Recapping the important points of that first meeting is one way to show that you pay attention to the client. Communicate as best as you can how well you understand their business, their goals, and that you want to help them achieve their target business milestones and goals.

  1. Personal Bio

This is an optional section, and you can make this as short as necessary. A brief personal bio is helpful if you’re pitching to a client for the first time. They don’t know who you are, and they probably haven’t seen your portfolio yet. They’re most likely checking out other companies and service providers, as well: it wouldn’t hurt to put your best foot forward by telling them relevant facts about yourself.

Give a brief account of your credentials and professional experience, especially any previous work you’ve done in the client’s industry. Provide a link to your online portfolio to keep your bio short. You can also talk about how excited you are to design their website because you’ve long admired the company, for example, or that you’re a big fan of their products and services, which is why you have a lot of exciting ideas to show the client.

Treat your bio the same way you would a cover letter for a job application. Show your best qualities — especially those that are relevant to the project. Avoid sounding too “salesy” (it’s better to let your work speak for itself).

  1. Problem and Solution

Some suggest including the problem in the overview, and that could work too. What’s important is stating the client’s problems briefly and concisely. This tells them that you have a full understanding of their situation, making it easier to earn their confidence.

Present the solutions you’re proposing and explain briefly why implementing them would be the best course of action. Focus on how your solutions will positively impact the client’s business. For example, you can explain how redesigning their e-commerce pages will increase online sales and revenue and reduce cart abandonment rates. Or you can point out that they’re failing to tap a huge revenue potential from mobile audiences because their website is not optimized for smaller screens.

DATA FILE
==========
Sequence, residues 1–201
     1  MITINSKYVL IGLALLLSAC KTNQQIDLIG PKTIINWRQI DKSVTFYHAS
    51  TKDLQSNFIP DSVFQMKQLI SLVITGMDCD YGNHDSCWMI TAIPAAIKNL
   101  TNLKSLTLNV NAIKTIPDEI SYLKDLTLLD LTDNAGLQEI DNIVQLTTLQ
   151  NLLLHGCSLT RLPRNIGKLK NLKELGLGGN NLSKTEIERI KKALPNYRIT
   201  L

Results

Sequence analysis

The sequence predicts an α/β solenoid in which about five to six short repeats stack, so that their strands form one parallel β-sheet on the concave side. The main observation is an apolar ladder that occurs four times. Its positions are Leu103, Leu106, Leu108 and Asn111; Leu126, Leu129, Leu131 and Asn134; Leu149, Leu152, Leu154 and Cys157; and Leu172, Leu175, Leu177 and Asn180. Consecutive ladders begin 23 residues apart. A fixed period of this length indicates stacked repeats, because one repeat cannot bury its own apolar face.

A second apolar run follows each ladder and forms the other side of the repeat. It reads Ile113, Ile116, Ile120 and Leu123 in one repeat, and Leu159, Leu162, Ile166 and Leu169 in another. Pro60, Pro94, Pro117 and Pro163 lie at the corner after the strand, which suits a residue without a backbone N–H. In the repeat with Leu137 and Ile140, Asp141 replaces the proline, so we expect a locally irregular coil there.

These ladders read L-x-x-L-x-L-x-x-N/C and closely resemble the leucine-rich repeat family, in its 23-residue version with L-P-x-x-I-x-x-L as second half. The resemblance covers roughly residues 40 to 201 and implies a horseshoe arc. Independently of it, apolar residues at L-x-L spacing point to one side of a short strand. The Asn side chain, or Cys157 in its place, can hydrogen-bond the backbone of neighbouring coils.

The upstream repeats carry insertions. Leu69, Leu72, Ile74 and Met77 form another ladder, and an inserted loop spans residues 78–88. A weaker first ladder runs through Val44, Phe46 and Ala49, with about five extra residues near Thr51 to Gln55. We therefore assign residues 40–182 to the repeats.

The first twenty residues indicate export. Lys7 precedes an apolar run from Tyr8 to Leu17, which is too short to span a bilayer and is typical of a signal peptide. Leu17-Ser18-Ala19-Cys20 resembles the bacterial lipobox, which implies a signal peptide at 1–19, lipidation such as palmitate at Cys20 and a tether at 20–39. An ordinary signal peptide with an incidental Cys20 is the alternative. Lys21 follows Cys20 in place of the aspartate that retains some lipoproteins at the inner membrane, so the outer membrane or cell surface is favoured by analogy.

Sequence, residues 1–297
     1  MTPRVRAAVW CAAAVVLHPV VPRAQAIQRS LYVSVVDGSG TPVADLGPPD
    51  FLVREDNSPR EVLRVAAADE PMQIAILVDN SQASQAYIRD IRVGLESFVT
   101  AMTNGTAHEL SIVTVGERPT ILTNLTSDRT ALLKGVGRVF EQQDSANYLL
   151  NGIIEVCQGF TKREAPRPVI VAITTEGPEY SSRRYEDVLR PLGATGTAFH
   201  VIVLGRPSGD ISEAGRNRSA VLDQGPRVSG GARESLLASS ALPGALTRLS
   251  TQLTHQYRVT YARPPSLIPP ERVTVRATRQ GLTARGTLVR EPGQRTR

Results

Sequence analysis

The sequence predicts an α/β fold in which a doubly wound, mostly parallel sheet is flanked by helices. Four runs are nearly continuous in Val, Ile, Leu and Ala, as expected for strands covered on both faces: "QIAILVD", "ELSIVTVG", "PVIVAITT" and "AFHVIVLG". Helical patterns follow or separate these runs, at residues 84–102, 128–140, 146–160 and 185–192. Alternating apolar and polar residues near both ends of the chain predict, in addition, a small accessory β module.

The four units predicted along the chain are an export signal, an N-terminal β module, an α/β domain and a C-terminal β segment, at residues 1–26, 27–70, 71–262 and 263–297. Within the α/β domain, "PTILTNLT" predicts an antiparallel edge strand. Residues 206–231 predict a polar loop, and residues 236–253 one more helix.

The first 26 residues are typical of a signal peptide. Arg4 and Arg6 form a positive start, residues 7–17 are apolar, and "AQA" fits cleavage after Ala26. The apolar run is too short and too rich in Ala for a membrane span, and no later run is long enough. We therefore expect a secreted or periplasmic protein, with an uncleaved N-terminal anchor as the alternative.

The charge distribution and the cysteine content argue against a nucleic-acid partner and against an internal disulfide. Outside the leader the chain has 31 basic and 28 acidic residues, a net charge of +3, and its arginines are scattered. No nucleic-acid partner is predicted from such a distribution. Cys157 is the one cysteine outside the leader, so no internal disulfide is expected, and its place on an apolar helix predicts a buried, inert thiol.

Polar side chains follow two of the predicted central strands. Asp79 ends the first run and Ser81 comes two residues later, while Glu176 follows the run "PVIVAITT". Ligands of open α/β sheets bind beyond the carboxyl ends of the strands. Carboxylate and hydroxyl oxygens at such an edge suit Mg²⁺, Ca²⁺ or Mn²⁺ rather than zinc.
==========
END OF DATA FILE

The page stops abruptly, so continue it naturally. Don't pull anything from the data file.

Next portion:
Stating the problem and the proposed solutions will serve as a guide for the project’s scope. You can avoid scope creep later on because you clearly outlined the objectives and solutions.

  1. Pricing

Let’s be honest: while you’re trying your best to impress prospects with your portfolio, they’re probably more interested in how much you will charge them if they were to hire you. Price is a significant element—arguably the most crucial aspect—of a web design proposal. Their concern is not always about getting the cheapest rates, but rather the best value for their money. But be forewarned; there will be clients who want to secure your best offer at the lowest possible price.

Here are our tips on how you can present your fee structure:

  • As always, keep it simple. You don’t need to give tables of itemized “services” and their corresponding prices (e.g., Home Page for $2,500, e-Commerce page template for $1,500, Logo for $1,000). This is just the proposal, after all. You can give the details later if they ask for it. However, you should know that providing such detailed breakdowns of your services can open you up for a conversation about cutting costs wherever possible.